Licking their wounds

Not even illbruck have come away unscathed

Friday February 8th 2002, Author: James Boyd, Location: Transoceanic
Positions at 1005 this morning
1 illbruck 59 52.64S 087 05.20W 2923 062 12.7 - -
2 Amer One 59 25.40S 088 03.24W 2947 062 11.8 24 +6
3 Tyco 60 19.36S 087 53.00W 2952 110 13.6 29 +2
4 Assa Abloy 60 14.84S 088 55.08W 2981 106 13.5 58 -2
5 News Corp 59 05.84S 089 44.52W 2996 102 13.0 73 -3
6 djuice 60 21.48S 089 27.64W 2998 103 13.6 75 -4
7 SEB 57 29.72S 102 16.80W 3396 064 7.3 473 +37
8 Amer Too 58 01.96S 103 53.12W 3441 050 12.9 518 +23
The beating the eight boats in the Volvo Ocean Race have been taking over the last few days in their attempt to race through the world's wildest ocean is taking its toll on boats and crew. To finish it is necessary not to destroy any of the major components of your boat and to finish first it is necessary to destroy as little gear as possible. On most of the boats competitive instincts have got the better of them and no doubt with crew exhaustion playing a contributing factor, many have crossed that dangerous Rubicon starting in prudence and ending in carnage.

Yesterday's devasting news of SEB's dismasting has sent a shock wave through the fleet, although with the boats being pushed as hard as they are in the Southern Ocean conditions it was a case of 'not if, but when' a boat would break.

SEB is currently making 6-8 knots towards Ushuaia on the southern tip of Argentina. Meanwhile in Sweden their shore team is in the process of making arrangements to get the spare mast transported to this remote corner of the globe - a interesting piece of logistics in itself. In his report today Gunnar Krantz reports that SEB was virtually thrown on to her side and believes it was this action which caused the mast to break.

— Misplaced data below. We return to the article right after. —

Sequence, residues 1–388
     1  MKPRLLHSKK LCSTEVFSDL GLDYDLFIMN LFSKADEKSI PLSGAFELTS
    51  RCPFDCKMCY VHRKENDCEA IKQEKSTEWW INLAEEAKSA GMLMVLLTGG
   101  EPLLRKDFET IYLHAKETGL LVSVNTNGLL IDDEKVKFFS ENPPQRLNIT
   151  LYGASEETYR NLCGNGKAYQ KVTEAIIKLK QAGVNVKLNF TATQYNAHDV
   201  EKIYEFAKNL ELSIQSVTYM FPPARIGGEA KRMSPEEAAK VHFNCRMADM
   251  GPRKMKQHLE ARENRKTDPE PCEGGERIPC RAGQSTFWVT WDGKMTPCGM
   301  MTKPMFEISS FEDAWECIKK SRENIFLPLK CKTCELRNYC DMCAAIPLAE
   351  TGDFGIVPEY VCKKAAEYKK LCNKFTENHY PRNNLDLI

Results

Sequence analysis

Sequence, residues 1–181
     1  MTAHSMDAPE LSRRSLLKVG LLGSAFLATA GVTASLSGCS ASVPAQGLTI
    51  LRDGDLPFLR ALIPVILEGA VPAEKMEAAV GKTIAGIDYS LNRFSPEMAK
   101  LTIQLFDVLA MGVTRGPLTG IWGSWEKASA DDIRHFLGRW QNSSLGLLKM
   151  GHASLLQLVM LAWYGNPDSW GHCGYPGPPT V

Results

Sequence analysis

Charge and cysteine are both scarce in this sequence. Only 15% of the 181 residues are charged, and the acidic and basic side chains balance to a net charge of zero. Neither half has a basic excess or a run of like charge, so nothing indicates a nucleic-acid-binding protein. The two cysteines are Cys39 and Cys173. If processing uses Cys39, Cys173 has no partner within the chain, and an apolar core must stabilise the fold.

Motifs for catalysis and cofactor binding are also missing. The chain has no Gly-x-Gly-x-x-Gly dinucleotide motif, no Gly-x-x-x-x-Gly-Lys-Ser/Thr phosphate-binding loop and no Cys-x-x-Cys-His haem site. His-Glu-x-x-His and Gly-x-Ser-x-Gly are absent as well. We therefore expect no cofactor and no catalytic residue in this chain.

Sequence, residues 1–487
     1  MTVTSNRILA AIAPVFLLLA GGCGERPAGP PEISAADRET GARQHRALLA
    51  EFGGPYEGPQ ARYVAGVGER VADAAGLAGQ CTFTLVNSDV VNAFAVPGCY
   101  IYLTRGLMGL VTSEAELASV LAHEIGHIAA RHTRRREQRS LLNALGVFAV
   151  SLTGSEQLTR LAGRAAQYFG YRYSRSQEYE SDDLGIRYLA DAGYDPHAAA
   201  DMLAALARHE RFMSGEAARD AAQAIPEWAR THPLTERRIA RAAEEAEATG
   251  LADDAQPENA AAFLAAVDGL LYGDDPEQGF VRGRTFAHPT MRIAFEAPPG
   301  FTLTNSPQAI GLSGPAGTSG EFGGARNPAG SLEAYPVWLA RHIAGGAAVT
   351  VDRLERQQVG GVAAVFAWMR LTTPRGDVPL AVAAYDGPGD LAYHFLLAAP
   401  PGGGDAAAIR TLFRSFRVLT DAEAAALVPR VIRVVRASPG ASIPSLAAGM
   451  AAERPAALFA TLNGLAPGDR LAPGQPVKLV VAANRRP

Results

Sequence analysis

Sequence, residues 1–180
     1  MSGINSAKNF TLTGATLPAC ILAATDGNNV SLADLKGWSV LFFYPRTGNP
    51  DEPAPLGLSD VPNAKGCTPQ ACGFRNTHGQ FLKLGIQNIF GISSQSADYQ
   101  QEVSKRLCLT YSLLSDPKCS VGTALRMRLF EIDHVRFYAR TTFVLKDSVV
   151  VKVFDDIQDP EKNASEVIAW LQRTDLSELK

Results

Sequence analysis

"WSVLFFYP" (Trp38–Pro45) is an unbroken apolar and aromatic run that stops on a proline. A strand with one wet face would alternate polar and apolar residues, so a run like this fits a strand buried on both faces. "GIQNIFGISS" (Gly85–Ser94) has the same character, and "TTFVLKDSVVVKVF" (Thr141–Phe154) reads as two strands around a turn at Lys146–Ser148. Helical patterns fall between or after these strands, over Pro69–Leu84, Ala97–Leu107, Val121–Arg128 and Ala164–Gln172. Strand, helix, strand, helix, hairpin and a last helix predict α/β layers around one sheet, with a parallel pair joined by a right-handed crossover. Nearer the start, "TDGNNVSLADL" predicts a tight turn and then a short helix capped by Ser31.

Back on the race course the potent duo of Dalton and Cayard on Amer Sports One have been consistently taking miles out of illbruck and one of the reasons is down to gear damage on the German boat. "Last night we were passed by a front, which shut down the breeze for a few hours," reported John Kostecki this morning. "We changed to one of our lighter spinnakers and then the breeze suddenly built again and we broke the sail before we could get it down. Less than an hour later we ripped another spinnaker as we wiped out in a gybe as the wind quickly built to over 30 knots.

"While all of this was going on, Nitro [Noel Drennan] (our onboard sail maker) was down below sewing on another spinnaker, which we shredded in a 45-knot squall earlier in the day. Fortunately today, we had nice sailing conditions spinnaker running in 20-30 knots and both Nitro and Rosco [Ross Halcrow] have been able to repair two of the three ripped sails."

From on board the Bermudian boat skipper Kevin Shoebridge reported that conditions had dropped right off yesterday. "We have had some amazing rides over the past few days, right on the edge stuff where a slip up driving or trimming could be very expensive. We logged a 123-mile run in six hours this morning, not bad considering we had a spinnaker down for 45 minutes of that."

While Tyco is believed to be one of the boats still in reasonable shape, Kevin Shoebridge reports that the conditions have been taking their toll on the crew. "Nipper [Guy Salter] is recovering after stitches to the eye, Dave [David Endean] has taken a good hit on the knee and has a lot of fluid gathering there," continued Shoeby from on board. "Not a lot of sleep at present in these conditions with the manoeuvres somehow being more labour intensive and time consuming."

Yesterday the boats were diving south once again back into the Screaming Sixties, but at the 1000 sked illbruck and Amer Sports One now appear to have gybed back to the north west as Tyco, Assa and djuice remain furthest south. The first boats are due to round Cape Horn on Sunday/Monday.

Assa Abloy 's Mike Joubert ducks a wet one...

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